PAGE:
more than a passion or calling in working with students of all ages. For me, it’s simply a necessity, like breathing. If life-long learning is to be what everyone does with care and thoughtful reflection, then differentiation experiences should happen early and frequent throughout one’s education.
I wrote an article for Edutopia, “3 Ways to Plan for Diverse Learners: What Teachers Do”, with a desire to show teachers that they do “do” differentiation. Meeting learner needs happens. I presented a structure based on language introduced by Carol Tomlinson and Susan Allan (ASCD) around the turn of this century.
The language, as I call it–the 6 Elements of Differentiation, is important for having dialog on how best to plan instruction that meets students’ needs (Content, Process, & Products), and includes student voice in the process (Readiness, Interests, & Learning Preferences). The article is one of many that I wrote, which seem to inspire much dialog and sharing of ideas through social media. It’s great to engage in dialog about Differentiation as something we just do, need to do. Instruction in this form is no longer a dream, but reality.
As teachers and other educators deepen their understanding of Differentiation, there are levels of implementation that go beyond the basics of knowing the six elements. Like a gamer, a martial artists, or someone earning multiple university degrees, there is complexity with where we can aspire to differentiate for learners (Chapter 5 of So All Can Learn). The 1st three ways provide the foundation for stronger instructional practices and learning engagement.
There is a 4th Way…
Learner Agency, based on developing and encouraging student voice. In So All Can Learn: A Practical Guide to Differentiation, four chapters—almost half the book—are dedicated to understanding and coaching agency through student voice. Readiness, Interests, and Learning Preferences are how students determine if the instructional experience is inviting. Including students in learning construction based on these three elements sends a message that their thoughts and ideas matter.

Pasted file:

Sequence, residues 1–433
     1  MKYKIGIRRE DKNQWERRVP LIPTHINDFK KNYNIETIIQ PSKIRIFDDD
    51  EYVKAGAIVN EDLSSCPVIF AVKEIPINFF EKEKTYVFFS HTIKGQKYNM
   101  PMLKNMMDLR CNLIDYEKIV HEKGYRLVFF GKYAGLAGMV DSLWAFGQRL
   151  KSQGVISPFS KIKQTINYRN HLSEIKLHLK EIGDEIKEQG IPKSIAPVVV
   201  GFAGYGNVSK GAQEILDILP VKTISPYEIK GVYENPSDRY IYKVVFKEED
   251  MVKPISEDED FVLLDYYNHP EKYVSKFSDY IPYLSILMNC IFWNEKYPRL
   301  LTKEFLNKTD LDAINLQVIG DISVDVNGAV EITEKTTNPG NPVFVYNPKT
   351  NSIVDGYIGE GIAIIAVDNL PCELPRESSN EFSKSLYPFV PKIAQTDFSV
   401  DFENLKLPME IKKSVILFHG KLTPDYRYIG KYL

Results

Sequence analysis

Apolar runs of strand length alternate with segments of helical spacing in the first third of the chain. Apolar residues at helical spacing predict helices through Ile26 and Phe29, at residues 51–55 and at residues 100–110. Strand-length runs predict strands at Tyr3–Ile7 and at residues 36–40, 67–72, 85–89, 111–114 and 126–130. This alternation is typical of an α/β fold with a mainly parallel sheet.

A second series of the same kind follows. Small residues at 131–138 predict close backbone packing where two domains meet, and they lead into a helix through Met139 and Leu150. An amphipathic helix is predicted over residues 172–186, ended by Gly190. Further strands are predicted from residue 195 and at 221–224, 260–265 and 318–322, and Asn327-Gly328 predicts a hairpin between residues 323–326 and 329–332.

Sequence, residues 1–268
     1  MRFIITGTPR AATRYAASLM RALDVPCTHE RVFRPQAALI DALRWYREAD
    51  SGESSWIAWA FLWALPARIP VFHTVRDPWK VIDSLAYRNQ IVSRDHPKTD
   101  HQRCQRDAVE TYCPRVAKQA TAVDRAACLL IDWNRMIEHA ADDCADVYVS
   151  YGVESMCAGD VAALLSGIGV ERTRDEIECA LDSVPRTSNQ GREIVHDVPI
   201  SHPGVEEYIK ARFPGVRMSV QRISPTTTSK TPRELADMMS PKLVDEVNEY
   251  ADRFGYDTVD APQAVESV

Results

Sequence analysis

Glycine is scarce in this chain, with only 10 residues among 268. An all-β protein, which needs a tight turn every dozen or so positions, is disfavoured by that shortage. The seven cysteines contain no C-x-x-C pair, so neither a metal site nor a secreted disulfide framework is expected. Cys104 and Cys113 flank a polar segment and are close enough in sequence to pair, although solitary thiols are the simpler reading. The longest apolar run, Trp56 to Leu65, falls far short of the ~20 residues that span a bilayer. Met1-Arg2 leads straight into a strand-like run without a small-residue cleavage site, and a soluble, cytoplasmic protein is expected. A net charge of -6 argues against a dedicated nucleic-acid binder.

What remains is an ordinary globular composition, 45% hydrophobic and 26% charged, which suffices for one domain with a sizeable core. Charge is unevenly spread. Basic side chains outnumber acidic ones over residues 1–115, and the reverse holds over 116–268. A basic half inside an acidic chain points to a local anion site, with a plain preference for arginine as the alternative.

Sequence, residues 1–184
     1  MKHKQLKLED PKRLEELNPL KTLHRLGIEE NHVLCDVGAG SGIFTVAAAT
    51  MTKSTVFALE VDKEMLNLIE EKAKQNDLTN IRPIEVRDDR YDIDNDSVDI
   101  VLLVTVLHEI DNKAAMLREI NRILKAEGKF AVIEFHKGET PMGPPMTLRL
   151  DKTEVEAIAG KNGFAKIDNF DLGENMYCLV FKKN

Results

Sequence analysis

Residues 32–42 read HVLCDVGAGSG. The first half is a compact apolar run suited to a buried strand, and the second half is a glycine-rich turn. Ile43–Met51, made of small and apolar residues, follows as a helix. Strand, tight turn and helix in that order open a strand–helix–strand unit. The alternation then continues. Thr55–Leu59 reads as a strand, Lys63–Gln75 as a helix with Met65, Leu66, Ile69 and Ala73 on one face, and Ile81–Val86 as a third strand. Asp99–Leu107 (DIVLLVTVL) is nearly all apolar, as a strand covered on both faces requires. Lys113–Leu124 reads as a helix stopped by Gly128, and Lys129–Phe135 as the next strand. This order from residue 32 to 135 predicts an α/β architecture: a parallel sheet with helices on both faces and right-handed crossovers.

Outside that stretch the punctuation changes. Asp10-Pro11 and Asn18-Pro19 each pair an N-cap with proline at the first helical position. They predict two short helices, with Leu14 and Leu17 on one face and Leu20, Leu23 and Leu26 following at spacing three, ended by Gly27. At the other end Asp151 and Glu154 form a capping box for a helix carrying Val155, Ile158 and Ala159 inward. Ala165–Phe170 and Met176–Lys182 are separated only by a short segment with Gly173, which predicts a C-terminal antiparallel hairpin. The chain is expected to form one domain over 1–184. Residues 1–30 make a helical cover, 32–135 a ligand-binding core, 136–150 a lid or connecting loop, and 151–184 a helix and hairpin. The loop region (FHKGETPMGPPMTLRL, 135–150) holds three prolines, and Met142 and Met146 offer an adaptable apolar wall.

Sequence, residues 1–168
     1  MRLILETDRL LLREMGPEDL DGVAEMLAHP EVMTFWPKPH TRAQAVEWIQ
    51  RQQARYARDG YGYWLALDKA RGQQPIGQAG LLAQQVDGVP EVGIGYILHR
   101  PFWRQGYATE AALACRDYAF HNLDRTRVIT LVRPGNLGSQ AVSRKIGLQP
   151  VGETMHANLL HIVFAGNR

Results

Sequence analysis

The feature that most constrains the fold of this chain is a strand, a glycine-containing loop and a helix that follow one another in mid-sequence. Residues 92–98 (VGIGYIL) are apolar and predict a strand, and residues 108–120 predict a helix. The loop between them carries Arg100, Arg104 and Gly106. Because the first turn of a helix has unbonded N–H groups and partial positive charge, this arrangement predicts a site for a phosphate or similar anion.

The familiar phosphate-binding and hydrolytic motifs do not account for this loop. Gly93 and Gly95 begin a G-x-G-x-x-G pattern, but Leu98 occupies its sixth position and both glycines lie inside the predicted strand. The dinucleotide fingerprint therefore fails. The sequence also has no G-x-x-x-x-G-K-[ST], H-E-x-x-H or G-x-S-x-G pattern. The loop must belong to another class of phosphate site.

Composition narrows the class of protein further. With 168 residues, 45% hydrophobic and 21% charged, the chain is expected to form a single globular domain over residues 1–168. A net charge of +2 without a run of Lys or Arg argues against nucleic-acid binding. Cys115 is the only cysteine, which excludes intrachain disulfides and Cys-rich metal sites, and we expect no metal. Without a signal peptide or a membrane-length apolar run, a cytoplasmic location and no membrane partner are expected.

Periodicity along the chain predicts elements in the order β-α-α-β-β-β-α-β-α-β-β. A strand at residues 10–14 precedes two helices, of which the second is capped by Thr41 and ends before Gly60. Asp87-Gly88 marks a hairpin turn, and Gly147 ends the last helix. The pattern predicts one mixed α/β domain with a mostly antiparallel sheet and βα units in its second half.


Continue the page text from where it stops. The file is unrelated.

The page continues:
It’s easy to get started in this process. Here are a few starting places:
- Interest Surveys
- Learning Profile Cards
- Student interviews and focus groups
- Journal entries like #IWishMyTeacherKnew on Twitter and Facebook
Based on the learning outcome that students must gain from the lesson, make instructional planning decisions using the information learned about students based on their Readiness, Interests, and Learning Preferences. The information should influence the Content delivered, Processing experiences (how students check for understanding and make sense of the content), and the product options that students choose or design themselves to demonstrate the learning outcomes.
Differentiation happens in the ways that teachers adjust based on how students “react” to the lesson that’s in progress—Intuitive Differentiation. More effective Differentiation happen when teachers anticipate student needs during the lesson planning prior to implementation—Intentional Differentiation. Higher levels of Differentiation occur when students become active co-planners with teachers during planning and implementation—Collaborative Differentiation.
Learn more from the chapters and reflection questions found in the book, So All Can Learn: A Practical Guide to Differentiation by John McCarthy, EdS.